I don't think we are talking about the same thing. I'm talking about the "heroic age" antarctic exploration of the 1900s and 1910s. Totally different (and MUCH more severe!) conditions than post International Geophysical Year "modern" Antarctic science.

Is the effect that extreme? I agree that people who get back from long stays can't just walk away as soon as they get back to Earth... but that's in 1 g, not .38. That should be much more manageable, no?

It's getting less and less "extreme" over time as it is learnt how to keep astronauts healthy in zero-g.

OK but my real question is 'would the severe effects, eg inability to walk, seen when you go from 0g to 1g still apply when you go from 0g to 0.38g'?



Quote

If you stayed sitting down, the recovery time would be forever.

Yeah, that was probably poorly phrased...

Online guckyfan

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Re: Why artificial gravity?
« Reply #13 on: 11/12/2013 07:21 AM »

OK but my real question is 'would the severe effects, eg inability to walk, seen when you go from 0g to 1g still apply when you go from 0g to 0.38g'?

Of course not. And they can stand up even in earth gravity if they have to. They just won't jump out of their seats after landing to fight venusian swamp monsters. Anyway they are not on Venus but on Mars which does not have swamp monsters. Just artificial gravity elephants in the room. ;)

Edit: fixed quote
« Last Edit: 11/12/2013 07:21 AM by guckyfan »

Offline RanulfC

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Re: Why artificial gravity?
« Reply #14 on: 11/12/2013 04:44 PM »
AG is nice because as mentioned some things get a lot easier to do. (Zero-G toilets suck.. Pun highly intended :)) However the most often noticed long term "adapation" problem when someone returns to gravity after a long stay in microgravity seems to be habitual... Simply "forgetting" for quite a while that the things you learned to do and adjust to in microgravity no longer apply.

For example, Valeri Polyakov was at a formal dinner/party over two years after he came back and while telling a story to several people he habitually, and without thinking set his tea-cup in mid air to free both hands to expound a point. Gravity works ;)

Of course even with AG that 'habitual' problem is not going to go away as there are going to be noticable and "adapted-to" issues with most proposed AG schemes.

The "main" problem with landing on Mars after a long period in microgravity is the very LACK of time between micro and adverse gravity during landing. Going from nothing to upwards of 6Gs during the landing (possible in some scenerios) might be more than the astronauts can take after a long trip. (This doesn't seem as likely as it once did given the number of times long duration astro/cosmo-nauts have been exposed to purely ballistic recoveries on the Soyuz) But still it would probably take at least a few weeks to fully adapt back to gravity after a long trip. The major reason for AG being needed was for the most part because the STAY on Mars for most early missions was only a few weeks meaning there wasn't enough "adapt" time built in to allow much actual work. This may no longer be the case.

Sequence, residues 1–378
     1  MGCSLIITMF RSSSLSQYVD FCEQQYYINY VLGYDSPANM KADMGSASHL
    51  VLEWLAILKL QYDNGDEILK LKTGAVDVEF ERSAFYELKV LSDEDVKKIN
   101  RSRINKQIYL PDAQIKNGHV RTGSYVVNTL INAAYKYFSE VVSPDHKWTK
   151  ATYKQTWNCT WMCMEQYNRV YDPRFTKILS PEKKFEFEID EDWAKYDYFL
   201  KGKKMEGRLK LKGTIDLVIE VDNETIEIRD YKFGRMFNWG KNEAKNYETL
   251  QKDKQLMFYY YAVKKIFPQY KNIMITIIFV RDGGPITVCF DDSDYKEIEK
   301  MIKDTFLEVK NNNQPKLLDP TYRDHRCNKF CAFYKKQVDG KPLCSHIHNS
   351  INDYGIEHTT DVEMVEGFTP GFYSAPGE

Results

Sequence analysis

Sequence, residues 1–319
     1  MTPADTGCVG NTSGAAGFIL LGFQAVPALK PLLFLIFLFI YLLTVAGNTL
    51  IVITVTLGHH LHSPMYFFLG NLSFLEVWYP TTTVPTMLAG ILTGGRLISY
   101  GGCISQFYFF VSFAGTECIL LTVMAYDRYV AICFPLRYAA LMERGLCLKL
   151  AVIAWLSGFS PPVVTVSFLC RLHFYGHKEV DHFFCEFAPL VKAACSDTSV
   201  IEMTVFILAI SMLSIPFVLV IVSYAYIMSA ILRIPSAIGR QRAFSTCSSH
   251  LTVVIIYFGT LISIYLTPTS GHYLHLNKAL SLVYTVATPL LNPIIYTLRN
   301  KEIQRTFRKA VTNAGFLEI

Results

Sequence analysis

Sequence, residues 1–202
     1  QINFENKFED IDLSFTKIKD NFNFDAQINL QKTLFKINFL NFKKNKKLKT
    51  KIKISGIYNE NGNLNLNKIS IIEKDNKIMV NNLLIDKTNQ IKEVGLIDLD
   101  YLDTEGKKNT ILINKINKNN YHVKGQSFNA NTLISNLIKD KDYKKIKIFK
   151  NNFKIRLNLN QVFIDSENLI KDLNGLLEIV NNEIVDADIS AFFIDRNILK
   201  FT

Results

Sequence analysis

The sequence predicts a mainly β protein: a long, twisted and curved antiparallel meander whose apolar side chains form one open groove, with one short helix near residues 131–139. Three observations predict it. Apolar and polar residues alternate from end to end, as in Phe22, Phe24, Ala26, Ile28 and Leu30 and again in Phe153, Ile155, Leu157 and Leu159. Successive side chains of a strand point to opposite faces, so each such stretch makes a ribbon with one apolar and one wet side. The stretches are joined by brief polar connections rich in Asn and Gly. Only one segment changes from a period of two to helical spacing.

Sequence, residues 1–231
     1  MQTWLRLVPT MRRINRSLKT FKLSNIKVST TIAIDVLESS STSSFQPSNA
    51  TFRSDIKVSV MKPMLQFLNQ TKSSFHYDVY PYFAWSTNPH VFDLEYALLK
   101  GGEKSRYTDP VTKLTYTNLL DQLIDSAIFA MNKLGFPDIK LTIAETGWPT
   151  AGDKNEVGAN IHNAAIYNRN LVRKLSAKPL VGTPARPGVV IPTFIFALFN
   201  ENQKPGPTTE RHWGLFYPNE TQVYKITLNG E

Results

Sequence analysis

Randy
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British physics, old chap. It's undignified to belch flames and effluvia all over the pad, what. A true gentlemen's orbital conveyance lifts itself into the air unostentatiously, with the minimum of spectacle and a modicum of grace. Not like our American cousins' launch vehicles, eh?

Offline RanulfC

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Re: Why artificial gravity?
« Reply #15 on: 11/12/2013 04:49 PM »

OK but my real question is 'would the severe effects, eg inability to walk, seen when you go from 0g to 1g still apply when you go from 0g to 0.38g'?

Of course not. And they can stand up even in earth gravity if they have to. They just won't jump out of their seats after landing to fight venusian swamp monsters. Anyway they are not on Venus but on Mars which does not have swamp monsters. Just artificial gravity elephants in the room. ;)

Edit: fixed quote

No Venusian Swamp Monsters of course, but they may face the dreaded Mars Meme's and their Princess! And what is it going to say about the reputation of Men from the Planet Earth if we can't even stand defiently in front of the  Princess, impressing her with our prowess and Earthly strength! Why it could topple the whole balance of interplanetary diplomacy and relationships in one fell swoon!

Randy
From The Amazing Catstronaut on the Black Arrow LV:
British physics, old chap. It's undignified to belch flames and effluvia all over the pad, what. A true gentlemen's orbital conveyance lifts itself into the air unostentatiously, with the minimum of spectacle and a modicum of grace. Not like our American cousins' launch vehicles, eh?